IIKDS University of Traditional Sciences

Exploring the World of Dreams as a Traditionalist

by Chief Amachi Apetor Buaru

Do you recall having conversations with relatives in your dreams?

Or a repeating dream you’ve had for years that now seems to be shedding light on the path your life has taken?

Many people only understand life in terms of their waking state of mind. They have limited awareness of the fact that the dream world is their personal connection to another dimension of existence. Since the beginning of recorded history, dreams have been a fascinating subject, with multitude of written works seeking to demystify the world of dreams.

To understand dreams from a traditional perspective, I want to explain that the waking consciousness many people see everyday is only half of the existence known to the Tindanna. As a Tindanna (landlord or land priest of the spirits), I experience two levels of reality, one in waking life and one within a world of dreams. It is often incomprehensible for many people to envision that they have the capacity to exercise tremendous spiritual powers and influence on the physical world, including people places and things, from within their dreams.

Knowledge of this dimension of reality has been cultivated by traditional practitioners for thousands of years. As a traditional practitioner, dreams are another dimension of existence in which we are awake in spirit and soul; a place in which we can navigate freely, accompanied by our personal gods and protectors. As traditionalists, we understand that in the dream world, we can gain wisdom, healing, guidance and assistance from spirits, ancestors and the gods of our ancestors in nature. More importantly, we can consciously enter the dream world to perform all types of spiritual activities and have the ability to recall these actions, transferring them into our waking world.


Is the dream world simply an altered state of consciousness or is it real?

To the Tindanna, the dream world is much like the physical world. However, it is inhabited by the Wunonam (gods of our ancestors in nature). It is in this world that we can meet the Wunonam. And, with the aid of the Wunonam, we can re-enter the physical world through the eyes of a hawk or an eagle, fly from place to place, observing the activities of people, places and things in the physical world. And as causal, natural phenomena we can also emerge from the dream world to exert influence on the physical world, including healing and protecting our families and communities. If someone was to enter the bedroom of a Tindanna at night, our bodies may appear to be asleep in bed, however, we are not there at all. Instead, we are traveling as Dream Warriors with the Wunonam in the world of dreams.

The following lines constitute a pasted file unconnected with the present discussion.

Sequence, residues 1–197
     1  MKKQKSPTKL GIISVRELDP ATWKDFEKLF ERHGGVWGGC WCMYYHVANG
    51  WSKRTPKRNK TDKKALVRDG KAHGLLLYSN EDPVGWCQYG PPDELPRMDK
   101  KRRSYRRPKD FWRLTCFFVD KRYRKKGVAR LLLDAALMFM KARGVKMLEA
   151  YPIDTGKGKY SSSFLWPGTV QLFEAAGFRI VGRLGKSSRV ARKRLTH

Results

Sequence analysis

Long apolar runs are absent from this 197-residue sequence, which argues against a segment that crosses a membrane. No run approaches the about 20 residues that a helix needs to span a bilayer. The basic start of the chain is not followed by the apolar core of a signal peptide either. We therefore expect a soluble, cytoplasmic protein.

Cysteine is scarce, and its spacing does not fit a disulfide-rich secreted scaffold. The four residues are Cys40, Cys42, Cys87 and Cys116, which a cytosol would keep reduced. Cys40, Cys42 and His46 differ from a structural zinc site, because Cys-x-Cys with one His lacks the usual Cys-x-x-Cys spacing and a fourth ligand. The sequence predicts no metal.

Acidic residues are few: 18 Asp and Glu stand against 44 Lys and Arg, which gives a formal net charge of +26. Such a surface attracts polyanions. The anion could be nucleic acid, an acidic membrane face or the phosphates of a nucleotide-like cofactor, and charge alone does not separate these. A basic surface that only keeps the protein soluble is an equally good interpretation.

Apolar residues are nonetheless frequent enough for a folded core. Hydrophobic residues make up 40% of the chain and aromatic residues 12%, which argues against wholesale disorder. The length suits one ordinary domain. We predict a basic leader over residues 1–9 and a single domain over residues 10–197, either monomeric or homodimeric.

I want to conclude by saying that many people have greatly underestimated the power of dreams and the dream world. As a student of indigenous science, it is important to know and experience the dream world as a powerful state of existence that if used effectively, can provide opportunities for growth, fulfillment and healing.


 Ready to explore the world of dreams from an indigenous perspective?

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January 30, 2015

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